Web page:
How To Read Thomas Pynchon

June 15th, 2012 by Michael Tabor

I’ll begin this blog by stating the obvious: Thomas Pynchon is a genius almost beyond words. Anyone who has read anything by Pynchon will be amazed at how much esoteric information is packed into each and every one of his 7 novels. His novels are prodigiously dense and complex, full of allusions and alliterations, word-play, symbolism, irony and just about every other literary technique under the sun. He is considered by many scholars to be perhaps the most brilliant, unique, awe-inspiring postmodernist writer of the past half-century and nobody has seen him in 40 years. Yep, not unlike J.D. Salinger,  (recently deceased) Pynchon is a recluse and all we have is a picture of him from his high school yearbook from Oyster Bay, long Island, New York.
Thomas Pynchon writes a little like Vladimir Nabokov (his puns, references, allusions, long sentences, etc.) who not surprisingly was a student of the master of prose, Mr. Nabokov at Cornell University.
I just finished reading The Crying of Lot 49 (published in 1966, but was written when Pynchon was in his early 20’s; how is it possible for him to know so much already? Was he reincarnated?) and I was completely overwhelmed and “blown away” with his brilliant prose style, labyrinthine plot features, and just the wealth of references. Next on my reading list is Gravity’s Rainbow but I’m going to need a little help on this one; I’ve tried to read this about 10 years ago and had to put it down because of the incredibly vast array of references, themes, and allusions to: science & technology (Pynchon worked at Boeing as a technical writer), obscure historical events, punning weird names, believable conspiracies from huge corporations (paranoia is a theme throughout all of Pynchon’s work), hundreds of characters, reams of postmodernist themes and devices, entropy, industrialization, mathematics, literature, religious cults and so much more. I just purchased The Cambridge Companion to Thomas Pynchon and I’m a lot smarter now than I was a decade ago. So I’m ready to tackle Pynchon’s exhaustingly monster masterpiece.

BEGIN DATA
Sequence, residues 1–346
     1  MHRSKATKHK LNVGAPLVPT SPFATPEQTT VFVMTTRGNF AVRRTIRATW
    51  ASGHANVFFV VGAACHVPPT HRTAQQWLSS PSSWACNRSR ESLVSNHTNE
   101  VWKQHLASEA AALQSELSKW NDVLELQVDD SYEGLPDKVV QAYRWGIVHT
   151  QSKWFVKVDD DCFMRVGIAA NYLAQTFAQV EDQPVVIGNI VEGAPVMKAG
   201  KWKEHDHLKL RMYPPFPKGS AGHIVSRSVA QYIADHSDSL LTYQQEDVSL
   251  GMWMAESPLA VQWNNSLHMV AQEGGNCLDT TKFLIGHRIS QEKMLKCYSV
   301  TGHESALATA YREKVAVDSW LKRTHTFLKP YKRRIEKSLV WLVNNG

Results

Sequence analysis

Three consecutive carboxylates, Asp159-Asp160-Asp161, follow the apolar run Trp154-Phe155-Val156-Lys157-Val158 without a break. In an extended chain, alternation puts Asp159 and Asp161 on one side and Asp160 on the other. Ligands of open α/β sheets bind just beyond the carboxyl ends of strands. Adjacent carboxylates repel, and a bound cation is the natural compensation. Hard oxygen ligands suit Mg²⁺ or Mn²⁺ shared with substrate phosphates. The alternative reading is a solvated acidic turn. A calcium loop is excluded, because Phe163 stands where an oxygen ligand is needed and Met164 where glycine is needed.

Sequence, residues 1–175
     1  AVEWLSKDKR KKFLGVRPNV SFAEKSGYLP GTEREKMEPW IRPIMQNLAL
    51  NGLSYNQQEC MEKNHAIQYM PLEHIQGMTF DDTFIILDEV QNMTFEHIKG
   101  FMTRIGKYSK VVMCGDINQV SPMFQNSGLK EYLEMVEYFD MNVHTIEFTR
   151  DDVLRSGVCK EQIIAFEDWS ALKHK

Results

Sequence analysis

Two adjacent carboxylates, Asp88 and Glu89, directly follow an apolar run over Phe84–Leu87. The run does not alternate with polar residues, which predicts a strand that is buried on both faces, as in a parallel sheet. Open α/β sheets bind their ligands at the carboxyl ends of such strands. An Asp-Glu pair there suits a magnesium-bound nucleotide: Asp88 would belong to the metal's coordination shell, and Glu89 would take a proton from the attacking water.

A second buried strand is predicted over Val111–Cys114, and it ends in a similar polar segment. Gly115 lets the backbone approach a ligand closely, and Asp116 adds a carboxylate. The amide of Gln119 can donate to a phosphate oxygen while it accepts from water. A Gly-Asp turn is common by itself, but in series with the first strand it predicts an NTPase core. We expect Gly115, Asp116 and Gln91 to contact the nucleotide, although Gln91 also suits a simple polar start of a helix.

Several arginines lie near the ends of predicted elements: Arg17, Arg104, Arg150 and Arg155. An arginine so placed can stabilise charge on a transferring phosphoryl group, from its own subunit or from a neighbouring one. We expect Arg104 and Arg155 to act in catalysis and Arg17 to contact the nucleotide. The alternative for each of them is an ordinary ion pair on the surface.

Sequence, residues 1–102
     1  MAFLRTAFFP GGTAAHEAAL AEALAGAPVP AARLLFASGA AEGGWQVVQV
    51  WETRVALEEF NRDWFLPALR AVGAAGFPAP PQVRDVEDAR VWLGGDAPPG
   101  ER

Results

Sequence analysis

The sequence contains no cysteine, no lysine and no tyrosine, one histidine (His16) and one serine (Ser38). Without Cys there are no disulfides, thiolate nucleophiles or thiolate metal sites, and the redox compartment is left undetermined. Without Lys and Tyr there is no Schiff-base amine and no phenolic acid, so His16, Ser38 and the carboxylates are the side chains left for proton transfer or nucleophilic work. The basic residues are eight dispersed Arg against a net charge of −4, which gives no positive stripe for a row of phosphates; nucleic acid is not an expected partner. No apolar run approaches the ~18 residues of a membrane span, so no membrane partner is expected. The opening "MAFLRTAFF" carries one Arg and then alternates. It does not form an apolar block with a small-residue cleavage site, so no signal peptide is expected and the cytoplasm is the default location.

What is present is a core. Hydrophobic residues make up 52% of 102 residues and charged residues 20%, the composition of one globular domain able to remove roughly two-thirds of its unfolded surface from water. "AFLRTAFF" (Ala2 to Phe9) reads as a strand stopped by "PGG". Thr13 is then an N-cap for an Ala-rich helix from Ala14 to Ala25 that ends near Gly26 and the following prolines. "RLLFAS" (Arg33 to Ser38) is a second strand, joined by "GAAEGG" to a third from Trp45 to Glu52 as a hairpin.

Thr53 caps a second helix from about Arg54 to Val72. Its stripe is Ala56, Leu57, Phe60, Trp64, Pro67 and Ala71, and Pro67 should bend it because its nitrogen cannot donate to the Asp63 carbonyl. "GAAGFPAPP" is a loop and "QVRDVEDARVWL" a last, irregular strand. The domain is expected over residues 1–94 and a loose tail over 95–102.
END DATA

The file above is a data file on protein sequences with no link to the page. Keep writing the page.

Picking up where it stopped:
Thomas Pynchon is not for everyone. If you’re going to read him you’re going to have to put in a whole lot of work into it yourself. However, I obviously believe the hard work is well-worth it – you’ll be a whole lot smarter, think differently and never look at mundane things, ideas, or objects the same again, and most importantly you will be entertained beyond your wildest dreams.
This can be a huge essay but I’ll stop writing here and allow you to have the pleasure of reading and researching those deliciously esoteric factoids yourself. Enjoy ! So whadayathink ? What do you think ? Do you like Thomas Pynchon ? Do you like to be challenged when you read (to this degree) ?

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4 Responses to “How To Read Thomas Pynchon”

  1. magdalena tabor Says:

    Welcome back to the world of blogging, Michael. I was beginning to think you were as reclusive as Pynchon himself. You must have been buried deep inside that book.

  2. Michael Tabor Says:

    you’ve got to hear this quote from Poet L.E. Sissman about Thomas Pynchon – ” He is almost a mathematician of prose, who calculates the least and the greatest stress each word and line, each pun and ambiguity, can bear, and applies his knowledge accordingly and virtually without lapses, though he takes many scary, bracing linguistic risks. Thus his remarkably supple diction can first treat of a painful and delicate love scene and then roar, without pause, into the sounds and echos of a drugged and drunken orgy.” ……. wow that is one amazing blurb

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  4. Barry Drab Says:

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